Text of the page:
Support for young male athletes. Aggression, anxiety, depression, and low self-esteem is prevalent amongst male athletes. Gharibvand et al. (2022) outlines in his report that the need for connection with family is essential for encouraging healthy relationships in and out of sport and improves self-efficacy (p.546). If an adolescence male athlete, who is already in the stage of striving for independence, is unsupported at home, sports may become his only place of refuge. This issue is an additional responsibility for the club, high school and volunteer youth coaches who may not be well equipped to support or direct the necessary care required for these athletes. With adolescent athletes retreating into silence or pushing through pain due to limited team resources at the high school level, the adolescent may choose to use sport as form of escapism.

Concluding limitations. The issues surrounding male athletes need to be addressed in their infancy, during the formative years when the adolescent brain is developing, before peer influence takes hold and before they arrive to young adult hood and may be separated from family support. By normalizing in adolescence, the process of talking with a Mental Performance Coach about how you feel both emotionally and physically, as a way to improve performance, wellbeing and not a crutch, we could create a new generation of male athletes and reduce the negative effects of colligate and professional sports. There is already evidence supporting the need for further development of male athlete mental health care at the colligate level as researched by Grundy et al. (2021) so why are we not discussing issues now in high school with upper classmen who may aspire to one day be a colligate and professional athletes? It is the goal through additional research at the Colligate level and raising awareness of the de-stigmatization of men expressing emotions, education of mental health conditions in athletic retirement and that a proactive support system during adolescence so that athlete success can be achieved before athletes become champions, retire, or succumb to the enormous mental pressure that comes with elite sport. By changing the approach of how male high school athlete see and process their feelings and emotions, we can impact the culture of how men address the mental health challenges they may face later in life as Colligate or professional athletes.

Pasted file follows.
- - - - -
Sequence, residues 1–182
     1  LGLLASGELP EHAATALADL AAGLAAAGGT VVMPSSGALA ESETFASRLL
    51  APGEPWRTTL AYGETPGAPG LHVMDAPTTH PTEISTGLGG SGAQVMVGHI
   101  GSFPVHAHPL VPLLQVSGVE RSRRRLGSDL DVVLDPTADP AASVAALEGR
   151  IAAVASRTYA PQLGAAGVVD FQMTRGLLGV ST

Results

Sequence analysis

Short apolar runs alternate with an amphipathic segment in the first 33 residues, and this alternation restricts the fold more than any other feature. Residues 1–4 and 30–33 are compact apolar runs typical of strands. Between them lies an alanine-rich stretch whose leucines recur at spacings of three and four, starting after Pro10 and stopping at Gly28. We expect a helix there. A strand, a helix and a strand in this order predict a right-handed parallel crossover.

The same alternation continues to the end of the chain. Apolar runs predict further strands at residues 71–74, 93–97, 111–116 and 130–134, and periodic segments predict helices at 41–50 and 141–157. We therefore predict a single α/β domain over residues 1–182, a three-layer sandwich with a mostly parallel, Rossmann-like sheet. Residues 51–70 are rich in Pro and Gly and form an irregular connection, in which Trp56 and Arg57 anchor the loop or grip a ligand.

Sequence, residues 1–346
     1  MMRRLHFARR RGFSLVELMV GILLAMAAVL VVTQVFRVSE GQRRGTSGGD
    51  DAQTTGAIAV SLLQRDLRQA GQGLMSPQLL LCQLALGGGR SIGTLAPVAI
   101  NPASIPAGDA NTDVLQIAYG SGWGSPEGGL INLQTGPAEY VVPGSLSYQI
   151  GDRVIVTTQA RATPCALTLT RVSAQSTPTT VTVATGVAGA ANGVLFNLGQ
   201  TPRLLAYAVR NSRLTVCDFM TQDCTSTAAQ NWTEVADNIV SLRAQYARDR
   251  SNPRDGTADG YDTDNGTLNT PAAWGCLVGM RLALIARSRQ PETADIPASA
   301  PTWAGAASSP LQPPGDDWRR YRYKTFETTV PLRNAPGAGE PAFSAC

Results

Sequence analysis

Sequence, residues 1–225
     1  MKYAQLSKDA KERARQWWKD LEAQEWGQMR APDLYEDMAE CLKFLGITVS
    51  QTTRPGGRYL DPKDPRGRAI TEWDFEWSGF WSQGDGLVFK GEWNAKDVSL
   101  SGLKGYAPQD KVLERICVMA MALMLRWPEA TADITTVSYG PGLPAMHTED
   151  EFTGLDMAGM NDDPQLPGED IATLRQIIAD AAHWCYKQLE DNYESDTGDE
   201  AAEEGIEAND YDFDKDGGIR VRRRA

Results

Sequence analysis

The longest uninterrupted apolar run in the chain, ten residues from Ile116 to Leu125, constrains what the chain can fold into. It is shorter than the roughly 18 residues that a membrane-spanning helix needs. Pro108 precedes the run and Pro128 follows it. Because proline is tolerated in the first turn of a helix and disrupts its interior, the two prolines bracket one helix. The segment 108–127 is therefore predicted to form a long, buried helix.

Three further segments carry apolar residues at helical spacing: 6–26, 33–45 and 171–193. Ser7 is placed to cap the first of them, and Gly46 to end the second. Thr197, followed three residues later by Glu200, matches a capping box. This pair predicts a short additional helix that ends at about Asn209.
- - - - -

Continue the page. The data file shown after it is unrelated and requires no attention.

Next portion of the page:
Methods The purpose of this section. of the paper is to present the methods that will be used to conduct the study, including participants, procedures, materials, and design. The aim of this research is to identify the needs specific to male athletes in competitive sports, the unique consequences that may arise for the male athletes under duress and develop a proactive to system to achieve support, care and delivery to a population that is underrepresented in mental health and wellbeing.

Participants. This research is aimed to contribute towards creating a proactive system for adolescent male athletes before they reach college. This research proposal could also be reproduced to help female student athletes. In order to do this, the participants required for the study will be upper classmen in high school aged from 15 to 18 years. It is known that competitive sports begin at the age of around 5 or 6 years old and by the age of 15 years, we have seasoned athletes who experienced 10 years of a variety of different stressors and influences (Maffuli,2000).